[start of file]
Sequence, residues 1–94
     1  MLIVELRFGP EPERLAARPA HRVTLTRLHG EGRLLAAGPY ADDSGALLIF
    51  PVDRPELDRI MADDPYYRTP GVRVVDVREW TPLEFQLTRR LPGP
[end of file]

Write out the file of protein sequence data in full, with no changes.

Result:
Sequence, residues 1–94
     1  MLIVELRFGP EPERLAARPA HRVTLTRLHG EGRLLAAGPY ADDSGALLIF
    51  PVDRPELDRI MADDPYYRTP GVRVVDVREW TPLEFQLTRR LPGP